Kim, Jong-il saw Saddam Hussein get hanged because he did not have nuclear weapons, so he will never give them up now. The six-party talks are nothing but a deceitful game played by China and North Korea.
Kim Jong-il is dying: He had a stroke and does not look well, but there is far too much “echo chamber” talk predicting his death within a year or two. Elevating Kim Jong-un now does not prove he is dying; don’t forget, Kim, Il-sung elevated Kim Jong-il 18 years before he died.
Kim Jong-un is just like his father: Many South Koreans blame Kim Jong-un for the Cheonan sinking and the Yeonpyeong attack. This is ridiculous. Kim Jong-un is 27 years old. The artillery used in the attack has been in preparation for more than a year.
Kim Jong-un might turn out to be a reformer like Libya’s Moammar Gadhafi’s son, Saif al-Islam. In early December, he even made a speech about “soup with chunks of meat … not necessarily bullets.”
U.S. troops are essential to South Korea: A new Korean War is extremely unlikely. However, if one did break out, within a few weeks, the U.S. would counterattack with a massive aerial bombardment.
It would assemble a large multinational invasion force in the hundreds of thousands ― far more than its 28,000 troops there now. The 28,000 only represent 1.5 percent of the total North and South Korean soldiers.
South Korea’s choice
As of right now, South Korea has discontinued firing artillery from Yeonpyeong into waters North Korea claims. China may have succeeded in persuading North Korea to suspend hostilities and is pressing to resume six-party talks.
South Korea and the U.S. no doubt think that sitting down at the table with North Korea will validate its violent claim over the northwestern islands.
It may be that South Korea is prepared to negotiate an adjustment to the Northern Limit Line, and even sign a peace treaty with North Korea. However, talks will never lead Kim Jong-il to give up his nuclear weapons.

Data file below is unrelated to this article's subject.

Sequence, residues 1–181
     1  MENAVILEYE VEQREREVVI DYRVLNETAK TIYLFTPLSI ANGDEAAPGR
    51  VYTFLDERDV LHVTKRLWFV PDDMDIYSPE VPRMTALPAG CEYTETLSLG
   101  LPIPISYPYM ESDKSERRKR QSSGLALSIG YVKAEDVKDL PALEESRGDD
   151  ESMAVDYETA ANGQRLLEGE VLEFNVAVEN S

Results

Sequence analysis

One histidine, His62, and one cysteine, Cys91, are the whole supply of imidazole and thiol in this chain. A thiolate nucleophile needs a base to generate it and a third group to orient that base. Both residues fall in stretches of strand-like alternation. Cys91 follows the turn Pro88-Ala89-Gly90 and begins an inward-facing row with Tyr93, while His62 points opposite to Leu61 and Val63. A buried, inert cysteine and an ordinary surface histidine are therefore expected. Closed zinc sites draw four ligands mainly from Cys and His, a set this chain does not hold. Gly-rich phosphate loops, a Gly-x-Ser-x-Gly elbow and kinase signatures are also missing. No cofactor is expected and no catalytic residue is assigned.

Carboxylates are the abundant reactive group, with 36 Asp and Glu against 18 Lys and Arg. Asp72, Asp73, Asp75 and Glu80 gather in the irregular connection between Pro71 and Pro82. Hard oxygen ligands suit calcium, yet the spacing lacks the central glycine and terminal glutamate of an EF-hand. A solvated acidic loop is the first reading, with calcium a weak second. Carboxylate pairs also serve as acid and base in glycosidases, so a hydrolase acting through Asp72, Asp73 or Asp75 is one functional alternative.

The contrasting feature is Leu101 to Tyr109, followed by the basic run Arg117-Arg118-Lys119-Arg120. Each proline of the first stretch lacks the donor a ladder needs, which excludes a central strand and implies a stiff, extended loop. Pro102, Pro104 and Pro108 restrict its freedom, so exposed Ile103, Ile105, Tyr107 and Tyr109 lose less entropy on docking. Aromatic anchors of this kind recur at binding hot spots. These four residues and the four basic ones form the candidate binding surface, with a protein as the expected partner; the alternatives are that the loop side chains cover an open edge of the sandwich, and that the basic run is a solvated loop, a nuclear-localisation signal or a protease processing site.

If South Korea wants to keep the northwestern islands and denuclearize North Korea, the only way to accomplish this is through reunification. And reunification will only be possible if China is willing to threaten North Korea with an oil cutoff. And China will only pursue reunification on its terms, not American terms.
My guess on Chinese terms? First, U.S. troops will have to leave South Korea. Second, China will have to derive economic benefits ― perhaps getting exclusive rights to exploit North Korea’s considerable mineral wealth. Finally ― and this is the most difficult ― China will need a guarantee of stability. In regime change, there really will be a danger of a refugee crisis in China’s northeast.
Perhaps such a guarantee might come with the help of the Korean People’s Army (KPA); after all, there are 1.1 million of them. A united Korea would be insane to just discharge them; this could lead to years of conflict, as we saw when Bush discharged the Ba’athists.
Assuring the KPA in advance of paid employment in a united Korea could provide stability. They are better-educated and better-fed than the average North Koreans and could expedite the vast infrastructure rebuilding to come.
Henry M. Seggerman is president of International Investment Advisers. He can be reached at firstname.lastname@example.org.